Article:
Had it not been for the Flip-Pal, I probably would not have bothered scanning them since it would have meant going into the office, booting up the computer, warming up the flatbed scanner and then scanning. Maybe I would have put them into a pile to “scan someday”…but you know what that really means! The freedom to act on the spur of the moment (find, scan and return) is remarkable.
Flip-Pal Easy Stitch Software—Free and Easy
I also mentioned that you can scan large flat objects. The process is different from using a scanning wand. With the Flip-Pal you take a series of scans so that the entire document, picture or design is in essence scanned. After you finish scanning the object in overlapping segments, go to your computer and use the Flip-Pal Easy Stitch software (included with your purchase) and with no effort on your part, your scans are PERFECTLY stitched together to form one complete photograph. To say that the software is remarkable is an understatement…it’s jaw dropping!
I recently made 32 scans of my grandfather's large diploma and used the Flip-Pal Easy Stitch software to stitch them together and the final result was FLAWLESS. I've stitched photographs of buildings and of faces and the results have always been seamless. I've never seen such good results when stitching photos and the process is EASY.
I also ran across a colored picture that was taken in 1974 and the colors had all turned orange. I used the Flip-Pal mobile scanner to scan the picture then used the Color Restoration Software (also included with the purchase) to restore the color. There are options to adjust the colors but after playing around I decided the software did a better job than I could do on my own.
The software alone is worth the price of the Flip-Pal mobile scanner. Its convenience makes it an incredible value. The simplicity of using the Flip-Pal mobile scanner and the included software attests to the care that the developers have put into making it user friendly.
No Tech Knowledge Needed
I checked the Flip-Pal mobile scanner website and found that it is user friendly and enlightening. Their FAQ page answered the questions I had about batteries and about scanning framed objects. I checked out their website pages under the About Flip-Pal tab and learned a lot. This page contains customer comments and by reading this and their blog I have even more ideas of how and where to use the Flip-Pal mobile scanner. I’m going to be taking it with me the next time I visit my family out of state—and my list of scanning projects is growing.
My Review of the Flip-Pal mobile scanner
Is the Flip-Pal perfect? No, but I only have two wishes and that says a lot. First, I wish they offered a plug-in cord so I COULD use it without batteries when I’m working at home. I love the fact that the Flip-Pal is battery operated so it can be used anywhere but a plug-in option would be nice. Second, I wish there was a bit more depth-of-field in the focus so that matted pictures and slight indentations from a book’s binding would stay in focus. Neither of these is so great that it would prevent me from purchasing the product.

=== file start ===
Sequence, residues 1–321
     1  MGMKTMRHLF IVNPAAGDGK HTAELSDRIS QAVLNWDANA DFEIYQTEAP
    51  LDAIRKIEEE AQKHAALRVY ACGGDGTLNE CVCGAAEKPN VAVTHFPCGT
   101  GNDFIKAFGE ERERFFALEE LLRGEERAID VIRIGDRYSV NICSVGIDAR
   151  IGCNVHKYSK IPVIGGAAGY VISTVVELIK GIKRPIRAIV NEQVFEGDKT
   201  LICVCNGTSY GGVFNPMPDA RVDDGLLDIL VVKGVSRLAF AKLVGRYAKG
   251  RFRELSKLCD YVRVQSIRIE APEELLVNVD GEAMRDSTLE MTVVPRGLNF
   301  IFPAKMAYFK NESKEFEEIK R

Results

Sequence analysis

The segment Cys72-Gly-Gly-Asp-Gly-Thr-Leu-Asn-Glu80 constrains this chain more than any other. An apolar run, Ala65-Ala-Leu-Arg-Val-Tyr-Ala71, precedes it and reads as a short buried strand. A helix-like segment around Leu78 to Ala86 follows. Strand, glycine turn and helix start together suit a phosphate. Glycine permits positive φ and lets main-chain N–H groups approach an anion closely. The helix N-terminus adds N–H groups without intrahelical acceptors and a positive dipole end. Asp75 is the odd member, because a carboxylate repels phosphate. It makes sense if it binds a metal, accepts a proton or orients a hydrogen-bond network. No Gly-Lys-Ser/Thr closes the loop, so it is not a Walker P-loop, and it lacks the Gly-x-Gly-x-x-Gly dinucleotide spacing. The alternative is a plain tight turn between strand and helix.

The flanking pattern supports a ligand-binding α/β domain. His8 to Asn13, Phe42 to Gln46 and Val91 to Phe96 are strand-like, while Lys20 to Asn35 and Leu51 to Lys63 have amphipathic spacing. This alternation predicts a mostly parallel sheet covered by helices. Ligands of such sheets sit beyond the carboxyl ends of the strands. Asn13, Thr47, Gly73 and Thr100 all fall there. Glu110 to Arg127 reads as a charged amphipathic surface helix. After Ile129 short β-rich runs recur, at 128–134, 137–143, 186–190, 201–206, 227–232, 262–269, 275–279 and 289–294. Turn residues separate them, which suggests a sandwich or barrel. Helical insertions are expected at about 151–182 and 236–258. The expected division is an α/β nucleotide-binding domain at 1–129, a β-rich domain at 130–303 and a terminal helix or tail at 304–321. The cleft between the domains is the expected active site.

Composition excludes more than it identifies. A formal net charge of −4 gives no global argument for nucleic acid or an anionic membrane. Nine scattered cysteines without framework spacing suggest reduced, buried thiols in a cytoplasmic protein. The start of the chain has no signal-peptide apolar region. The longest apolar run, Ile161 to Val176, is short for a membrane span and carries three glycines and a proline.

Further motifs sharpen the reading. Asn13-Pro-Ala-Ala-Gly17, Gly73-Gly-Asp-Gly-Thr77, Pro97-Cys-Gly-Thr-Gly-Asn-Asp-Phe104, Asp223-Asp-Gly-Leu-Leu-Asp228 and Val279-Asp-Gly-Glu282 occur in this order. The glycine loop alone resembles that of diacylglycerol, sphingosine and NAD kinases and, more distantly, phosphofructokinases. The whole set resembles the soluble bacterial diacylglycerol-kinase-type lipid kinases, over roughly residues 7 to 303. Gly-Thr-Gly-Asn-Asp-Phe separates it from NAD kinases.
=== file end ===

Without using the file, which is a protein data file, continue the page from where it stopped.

With all that the Flip-Pal mobile scanner does, I will use it much more than I thought I would. It’s so handy and compact that it will stay by my side while I complete my picture preservation project. I just wish I’d had it sooner because it is so FAST. A full sized flatbed scanner takes a lot longer to scan a 4”x 6” photograph than the Flip-Pal, so by staying at my table with all my pictures I can scan a LOT in a remarkably short time.
To be perfectly honest, I was given a Flip-Pal mobile scanner evaluation unit so I could review the device and write this article. However, I’ve had the Flip-Pal mobile scanner on my wish list for some time and now that I have it, I’m not disappointed. In fact, the more I’ve used it, the more I’m enjoying it!
A Stitch in Time Saves Images
Scanning 4” x 6” pictures with the Flip-Pal mobile scanner is quite easy, even if the pictures are glued into the old albums like my family’s pictures all seem to be. But what do you do if you are faced with a picture similar to the one above—20” x 6”, old, cracked and curled from being rolled-up for so many years?
I can’t tell you how to get it to relax from its rolled state—there are archival experts to help you with that, but I will take you step by step through scanning this photo in multiple overlapping scans, then using Flip-Pal EasyStitch to put it back together into a single digital image.
EasyStitch is simple to use, but the computer program itself is quite sophisticated. It uses pattern matching on all of the scans of your original. It matches the seams flawlessly so your large photo, quilt, document or sketch can be put back together into a whole digital image. All you need to do is make the overlapping scans!
Getting Started – Preparing to Scan
So the first thing you do is pop the lid off your Flip-Pal mobile scanner. It may be a little harder to do the first couple of times you try it. If you look closely, you can see small finger indents on each side near where the lid attaches to the scanner. Just easily pry them up.
Then flip the scanner over. If you look at the bottom window, you will see lines etched a little more than half an inch from the edges. These are your overlap guides. You don’t have to be exact when you are scanning, but you certainly do need to have some kind of overlapping pattern that EasyStitch can use to knit your scans back together!